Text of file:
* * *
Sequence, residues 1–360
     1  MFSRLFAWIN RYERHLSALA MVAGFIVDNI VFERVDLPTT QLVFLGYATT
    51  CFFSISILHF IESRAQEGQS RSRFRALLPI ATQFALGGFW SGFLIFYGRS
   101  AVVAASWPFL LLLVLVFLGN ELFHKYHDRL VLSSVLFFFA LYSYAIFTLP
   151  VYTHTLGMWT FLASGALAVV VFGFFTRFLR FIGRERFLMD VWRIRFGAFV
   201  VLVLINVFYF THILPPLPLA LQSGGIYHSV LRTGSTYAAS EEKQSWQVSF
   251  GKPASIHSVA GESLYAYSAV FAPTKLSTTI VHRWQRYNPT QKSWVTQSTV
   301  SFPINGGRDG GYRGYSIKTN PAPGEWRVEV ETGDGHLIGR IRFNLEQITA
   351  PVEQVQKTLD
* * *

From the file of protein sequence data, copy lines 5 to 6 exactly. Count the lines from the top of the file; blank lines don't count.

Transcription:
   151  VYTHTLGMWT FLASGALAVV VFGFFTRFLR FIGRERFLMD VWRIRFGAFV
   201  VLVLINVFYF THILPPLPLA LQSGGIYHSV LRTGSTYAAS EEKQSWQVSF